I saw a fake proof using the power rule to show that $1 = 2$, thus disproving the power rule. It is obviously wrong but I can't spot the error. It goes something like this:

$$\frac{d}{dx}x^2 = 2x \\ x^2 = x\times x = \sum_{n = 1}^{x} x \\ \frac{d}{dx}x^2 = \frac{d}{dx}\sum_{n = 1}^{x} x = \sum_{n = 1}^{x} 1 = x \\ \therefore x = 2x \implies 1 = 2 $$

Where's the issue here? It seems to be something on the $3^{\text{rd}}$ line (which I know also contains more than any other line; I'm not versed in stating proofs), but I can't see the contradiction.

  • 69,412
  • 11
  • 108
  • 217
  • In line 2, you seem to be assuming that $x$ is an integer. – Angina Seng Aug 15 '20 at 03:10
  • In line two you are treating $x$ as an integer (which is bad but not $1=2$ bad). But in the third line you are treating the $x$ that is the upper index of the sum as a constant rather than a function of $x$. ANd that *is* $1=2$ bad. – fleablood Aug 15 '20 at 03:55

2 Answers2


The issue is with $\frac{d}{dx}\sum_{n=1}^xx$. The upper limit of the sum is also a function of $x$, and in particular differentiating that sum with respect to $x$ does not give you $\sum_{n=1}^x1$. It doesn't even make sense to begin with - the sum is only defined for $x\in\mathbb{N}$, but you can't meaningfully differentiate a function whose domain is the integers.

  • 4,126
  • 2
  • 12
  • 19

Suppose the proof went like this.

As we know if $f(x) = \color{blue}a\cdot x$ then $f'(x)= \color{blue}a$.

So that means if $f(x) = x^2 = \color{blue}x\cdot x$ so that means $f'(x)$ ought to be $\color{blue}x$.

Suppose we even took it further and figure $f'(x) = \lim_{h\to 0}\frac {f(x+h)-f(x)}h =\lim_{h\to 0} \frac {x\cdot (x+h)-x\cdot x}{h} = \lim_{h\to 0} \frac {x^2 + h\cdot x - x^2}h=\lim_{h\to 0}\frac {h\cdot x}h = x$.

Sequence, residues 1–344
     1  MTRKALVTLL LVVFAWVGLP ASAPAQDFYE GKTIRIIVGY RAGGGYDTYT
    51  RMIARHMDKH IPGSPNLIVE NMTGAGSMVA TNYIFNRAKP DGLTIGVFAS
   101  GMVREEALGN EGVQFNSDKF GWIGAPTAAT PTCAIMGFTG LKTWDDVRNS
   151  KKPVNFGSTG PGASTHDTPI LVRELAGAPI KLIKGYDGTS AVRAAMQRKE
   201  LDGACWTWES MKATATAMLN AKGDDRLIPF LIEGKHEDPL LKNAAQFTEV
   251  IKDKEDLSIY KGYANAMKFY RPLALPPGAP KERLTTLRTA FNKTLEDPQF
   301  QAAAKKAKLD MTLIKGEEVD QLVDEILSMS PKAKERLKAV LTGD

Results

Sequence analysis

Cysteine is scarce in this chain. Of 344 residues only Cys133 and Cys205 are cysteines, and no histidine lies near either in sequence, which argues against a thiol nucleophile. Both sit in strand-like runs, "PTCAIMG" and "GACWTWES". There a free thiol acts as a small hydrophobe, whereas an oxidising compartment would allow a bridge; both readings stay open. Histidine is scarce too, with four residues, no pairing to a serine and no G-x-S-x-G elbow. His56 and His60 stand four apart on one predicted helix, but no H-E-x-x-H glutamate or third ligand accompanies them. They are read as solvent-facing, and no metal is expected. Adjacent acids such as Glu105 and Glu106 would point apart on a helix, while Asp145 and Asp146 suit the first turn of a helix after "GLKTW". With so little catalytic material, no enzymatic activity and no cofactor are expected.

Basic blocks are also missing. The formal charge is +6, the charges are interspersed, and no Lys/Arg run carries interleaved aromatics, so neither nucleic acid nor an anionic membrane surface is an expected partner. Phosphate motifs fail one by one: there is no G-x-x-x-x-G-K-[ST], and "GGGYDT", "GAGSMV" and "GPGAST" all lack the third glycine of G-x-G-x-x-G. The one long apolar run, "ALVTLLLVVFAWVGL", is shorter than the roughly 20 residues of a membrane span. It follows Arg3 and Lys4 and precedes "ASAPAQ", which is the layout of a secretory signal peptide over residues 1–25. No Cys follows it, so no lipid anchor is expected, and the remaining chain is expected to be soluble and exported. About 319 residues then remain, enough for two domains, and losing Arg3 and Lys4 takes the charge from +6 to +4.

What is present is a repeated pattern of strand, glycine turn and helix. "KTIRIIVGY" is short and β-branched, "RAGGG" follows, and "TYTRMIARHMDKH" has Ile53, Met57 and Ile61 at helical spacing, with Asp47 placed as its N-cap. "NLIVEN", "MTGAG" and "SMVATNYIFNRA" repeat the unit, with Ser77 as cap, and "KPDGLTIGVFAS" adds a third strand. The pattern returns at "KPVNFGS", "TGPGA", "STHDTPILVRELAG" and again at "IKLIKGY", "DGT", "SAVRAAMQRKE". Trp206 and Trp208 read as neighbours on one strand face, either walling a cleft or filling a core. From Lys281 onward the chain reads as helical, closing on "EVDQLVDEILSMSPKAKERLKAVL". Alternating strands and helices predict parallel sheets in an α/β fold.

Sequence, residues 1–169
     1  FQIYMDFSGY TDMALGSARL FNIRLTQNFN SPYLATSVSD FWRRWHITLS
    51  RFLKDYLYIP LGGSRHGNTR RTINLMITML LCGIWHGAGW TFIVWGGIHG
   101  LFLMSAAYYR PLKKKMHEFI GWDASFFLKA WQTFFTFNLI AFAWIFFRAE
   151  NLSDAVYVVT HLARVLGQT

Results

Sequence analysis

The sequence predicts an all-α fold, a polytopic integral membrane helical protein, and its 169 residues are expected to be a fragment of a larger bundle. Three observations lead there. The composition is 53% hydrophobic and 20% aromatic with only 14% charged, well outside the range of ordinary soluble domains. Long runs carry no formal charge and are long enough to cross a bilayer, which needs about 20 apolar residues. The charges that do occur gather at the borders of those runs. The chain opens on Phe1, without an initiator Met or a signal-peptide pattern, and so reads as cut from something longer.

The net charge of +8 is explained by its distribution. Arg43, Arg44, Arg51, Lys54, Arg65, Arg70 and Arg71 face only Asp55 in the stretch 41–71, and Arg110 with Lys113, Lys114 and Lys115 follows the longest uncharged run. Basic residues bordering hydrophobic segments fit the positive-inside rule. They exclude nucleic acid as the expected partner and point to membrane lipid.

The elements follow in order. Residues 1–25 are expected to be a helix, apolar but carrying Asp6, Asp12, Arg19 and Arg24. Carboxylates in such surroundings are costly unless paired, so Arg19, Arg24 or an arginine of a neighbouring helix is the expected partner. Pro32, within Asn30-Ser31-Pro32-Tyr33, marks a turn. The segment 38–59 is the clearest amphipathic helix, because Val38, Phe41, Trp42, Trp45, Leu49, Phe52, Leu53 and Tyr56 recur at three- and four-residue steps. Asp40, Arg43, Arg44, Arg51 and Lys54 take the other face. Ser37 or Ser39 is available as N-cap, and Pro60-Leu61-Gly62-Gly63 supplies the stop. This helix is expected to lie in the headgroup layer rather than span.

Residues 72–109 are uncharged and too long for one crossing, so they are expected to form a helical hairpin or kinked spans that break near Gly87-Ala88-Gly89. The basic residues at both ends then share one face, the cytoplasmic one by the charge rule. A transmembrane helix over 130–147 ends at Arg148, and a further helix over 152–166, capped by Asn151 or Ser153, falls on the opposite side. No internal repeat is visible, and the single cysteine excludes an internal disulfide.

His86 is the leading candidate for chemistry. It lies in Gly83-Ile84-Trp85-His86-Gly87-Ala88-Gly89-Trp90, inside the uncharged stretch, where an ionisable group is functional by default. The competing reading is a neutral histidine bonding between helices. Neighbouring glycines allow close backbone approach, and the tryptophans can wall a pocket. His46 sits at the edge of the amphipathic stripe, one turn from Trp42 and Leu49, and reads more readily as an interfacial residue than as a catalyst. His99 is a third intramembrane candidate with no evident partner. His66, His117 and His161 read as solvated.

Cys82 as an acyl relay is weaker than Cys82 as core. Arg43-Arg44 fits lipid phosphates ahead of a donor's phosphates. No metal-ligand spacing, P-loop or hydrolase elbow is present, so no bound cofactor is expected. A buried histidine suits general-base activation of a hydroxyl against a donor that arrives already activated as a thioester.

We are treating the squaring of $x$ (multiplying $x$ by $x$) as though the $x$ we are multiplying by is constant and not a variable that is modifying in the same manner as the other $x$ is and clearly $f(x+h) \ne x\cdot (x+h)$; it is $(x+h)(x+h)$ which is entirely different.

It's true that $f(x) = x^2 =x\cdot x = \sum_{k=1}^x x$ assumes $x \in \mathbb N$ and it is true that $f: \mathbb N \to \mathbb R$ can not be differentiated. But more important, the upper index $\sum_{k=1}^{\color{blue} x} x$ is a variable and not a constant. Even we could (we can't be even if we could) define $\lim_{h\to 0}\frac {f(x+h) - f(x)}h$ where $f(x) = \sum_{k=1}^{\color{blue} x} x$ then derivative would be $\lim_{h\to 0} \frac {\sum_{k=1}^{\color{blue}{x+h}} (x + h) - \sum_{k=1}^{\color{blue} x} x}h$ and it WOULDN'T be $\lim_{h\to 0} \frac {\sum_{k=1}^{\color{blue}{x}} (x + h) - \sum_{k=1}^{\color{blue} x} x}h$ and the index $\color{blue}{x+h}$ would make all the difference.

Of course that argument is somewhat fetid dingo kidneys as $\sum_{k=1}^{\color{blue}{x+h}} (x + h)$ doesn't actually make any sense as $x+h$ is not a natural number index. But if it did (which it would if we defined $f(x)= x\cdot x$ so $f(x+h)$ as $(x+h)(x+h) \ne x\cdot (x+h)$) that argument would be ... healthy and fresh dingo kidneys.

  • 1
  • 5
  • 39
  • 125